I’d not realised that Mary isn’t signed and so putting on a gig at the Lantern was a bit of a punt for her too. It paid off, the room was pretty much full, and I for one would really like it if the venue did more nights like this with local, unsung talent. What was rather lovely, was that among the thanks, Mary thanked us for being there and supporting musicians simply for the love of music. I was really surprised that she hasn’t a deal somewhere and I hope that changes really soon. A talent this good should be encouraged and heard.

Three down. 37 to go.

 

 

40:2

Redhouse. The Railway Tavern

Never heard of them. A pub I used to drink at when I worked at Barnardos

My friends know Steve the drummer from this band so they suggested we went to hear them play. I used to occasionally drink in the Railway Tavern when I worked for Barnardos but I didn’t know they did live music. So I really wasn’t at all sure what to expect. Rock n roll is all I’d been told, and who doesn’t love a bit of that?

Steve is the lead singer, as well as the drummer and with Dubsey on guitar and Mark on bass they play rock n roll covers. Which gets folk dancing and having a good time. And they did, which was a real pleasure to see. I enjoyed their rock n roll version of Another Brick In The Wall a lot more than the original and there was a song towards the end with ‘language’ that they played brilliantly. They would be a great party band, and as this was a gig, in part, to celebrate my birthday, it worked. Even if Steve did forget my name in the dedication and so I became Enid for the night!

I know Russ from the Bristol Coeliac Group and had him pegged as a mild mannered, polite man. Discovering he had a past as a punk drummer was quite a pleasant revelation. As we talked about music and watched a drunken woman dance (and almost fall into the drum kit), I felt happy. This year long project/celebration is about the people who love playing music and the people who love hearing it. Thank you Redhouse for making me smile and enjoy the 2nd of my 40 gigs. Pubs in Fishponds are just as important in ensuring people get to enjoy live music as any arena.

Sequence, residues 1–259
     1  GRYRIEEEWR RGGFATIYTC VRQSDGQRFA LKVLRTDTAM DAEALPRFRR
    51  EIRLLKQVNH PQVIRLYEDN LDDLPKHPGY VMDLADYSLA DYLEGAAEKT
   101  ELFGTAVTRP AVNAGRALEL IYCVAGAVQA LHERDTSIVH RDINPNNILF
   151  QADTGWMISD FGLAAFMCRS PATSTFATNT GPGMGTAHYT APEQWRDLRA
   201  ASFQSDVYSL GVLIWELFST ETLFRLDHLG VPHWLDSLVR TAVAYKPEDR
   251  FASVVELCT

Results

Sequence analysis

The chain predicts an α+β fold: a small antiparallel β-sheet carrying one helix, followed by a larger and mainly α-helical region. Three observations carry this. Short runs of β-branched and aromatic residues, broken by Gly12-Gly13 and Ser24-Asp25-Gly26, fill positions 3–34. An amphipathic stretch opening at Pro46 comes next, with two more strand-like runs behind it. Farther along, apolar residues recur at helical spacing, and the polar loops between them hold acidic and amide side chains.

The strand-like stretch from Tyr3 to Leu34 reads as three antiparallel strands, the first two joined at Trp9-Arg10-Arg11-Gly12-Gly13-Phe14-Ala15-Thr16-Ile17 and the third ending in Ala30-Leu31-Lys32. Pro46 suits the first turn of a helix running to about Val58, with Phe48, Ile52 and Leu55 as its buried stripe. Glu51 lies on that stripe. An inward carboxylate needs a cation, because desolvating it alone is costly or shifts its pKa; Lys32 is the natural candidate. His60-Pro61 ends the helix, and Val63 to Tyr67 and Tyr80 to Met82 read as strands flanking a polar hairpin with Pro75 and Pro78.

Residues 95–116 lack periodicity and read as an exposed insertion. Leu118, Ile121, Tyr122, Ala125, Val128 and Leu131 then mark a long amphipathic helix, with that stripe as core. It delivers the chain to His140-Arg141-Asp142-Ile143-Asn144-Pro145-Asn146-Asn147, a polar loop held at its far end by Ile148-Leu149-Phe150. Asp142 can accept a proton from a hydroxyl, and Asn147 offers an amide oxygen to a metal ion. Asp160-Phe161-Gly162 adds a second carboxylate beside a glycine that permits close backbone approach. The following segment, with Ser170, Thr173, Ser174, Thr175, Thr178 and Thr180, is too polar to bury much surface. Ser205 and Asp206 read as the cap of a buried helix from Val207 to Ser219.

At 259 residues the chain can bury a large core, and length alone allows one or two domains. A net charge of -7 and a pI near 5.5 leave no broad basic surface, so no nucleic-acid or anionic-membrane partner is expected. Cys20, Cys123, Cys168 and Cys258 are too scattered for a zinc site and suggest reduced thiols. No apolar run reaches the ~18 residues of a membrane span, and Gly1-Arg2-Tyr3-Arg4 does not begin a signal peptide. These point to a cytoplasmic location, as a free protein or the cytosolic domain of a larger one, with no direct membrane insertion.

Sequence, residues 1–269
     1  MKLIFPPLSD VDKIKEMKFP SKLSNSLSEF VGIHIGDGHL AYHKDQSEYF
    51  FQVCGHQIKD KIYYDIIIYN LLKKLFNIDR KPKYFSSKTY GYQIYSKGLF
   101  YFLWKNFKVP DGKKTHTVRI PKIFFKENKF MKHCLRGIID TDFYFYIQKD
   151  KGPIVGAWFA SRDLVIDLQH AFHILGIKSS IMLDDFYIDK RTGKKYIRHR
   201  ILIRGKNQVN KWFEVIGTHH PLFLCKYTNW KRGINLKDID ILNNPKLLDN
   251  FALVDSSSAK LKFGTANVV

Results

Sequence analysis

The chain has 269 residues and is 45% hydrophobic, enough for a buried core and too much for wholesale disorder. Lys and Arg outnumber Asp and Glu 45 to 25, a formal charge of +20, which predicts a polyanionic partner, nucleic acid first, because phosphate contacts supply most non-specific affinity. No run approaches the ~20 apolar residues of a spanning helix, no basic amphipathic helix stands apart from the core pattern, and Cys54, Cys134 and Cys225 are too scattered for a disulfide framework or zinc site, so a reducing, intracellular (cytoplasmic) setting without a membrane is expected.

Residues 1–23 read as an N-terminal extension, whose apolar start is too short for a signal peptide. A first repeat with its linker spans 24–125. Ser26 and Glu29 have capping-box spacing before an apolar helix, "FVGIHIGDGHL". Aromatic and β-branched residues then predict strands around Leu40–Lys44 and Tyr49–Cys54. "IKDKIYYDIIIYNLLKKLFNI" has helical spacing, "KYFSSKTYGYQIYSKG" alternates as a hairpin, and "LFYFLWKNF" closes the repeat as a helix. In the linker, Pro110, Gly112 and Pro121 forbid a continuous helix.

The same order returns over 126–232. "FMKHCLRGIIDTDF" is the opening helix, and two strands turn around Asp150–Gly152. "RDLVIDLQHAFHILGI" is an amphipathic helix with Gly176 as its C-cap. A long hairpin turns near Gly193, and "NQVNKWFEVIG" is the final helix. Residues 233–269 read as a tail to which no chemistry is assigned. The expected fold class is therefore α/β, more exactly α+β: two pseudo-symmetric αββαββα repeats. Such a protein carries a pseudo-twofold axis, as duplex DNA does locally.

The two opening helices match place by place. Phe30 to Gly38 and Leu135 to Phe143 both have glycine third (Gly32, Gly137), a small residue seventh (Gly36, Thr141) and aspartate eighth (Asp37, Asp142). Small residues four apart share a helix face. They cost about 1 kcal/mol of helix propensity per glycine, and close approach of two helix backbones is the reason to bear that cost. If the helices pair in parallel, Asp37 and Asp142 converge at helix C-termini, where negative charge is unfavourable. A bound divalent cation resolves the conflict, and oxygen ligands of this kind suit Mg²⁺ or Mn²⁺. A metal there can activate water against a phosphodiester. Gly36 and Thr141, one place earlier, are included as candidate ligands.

2 down, 38 to go.

40:1

C Duncan. Thekla.

Never heard his music. One of my favourite Bristol venues.

A wonderful friend gifted me the ticket.I thought I was about to hear some gentle acoustic singer songwriter. What I heard was joyous 4 part harmony singing over shimmery music. It put a great big smile on my face and was a perfect way to start the 40 gigs adventure.

Big Jeff was there and as Bristol folk know, it’s always a good gig when Big Jeff is there.

The support, Stevie Parker was really good to, and as a Bristol native I shall endeavour to see her again as part of the 40 gigs. C Duncan and band are a handsome bunch. They all sing and play understated and beautiful music underneath those harmonies.

It was a great crowd, oldies and youngsters, respectful of the quiet numbers and joining in with the livelier ones.

I wish I’d dared to take my camera as the lighting was lush (particularly over the bassist). Maybe another day I’ll get to photograph C Duncan. For tonight it was enough to discover the music. The lovely, lovely music.

One down, 39 to go.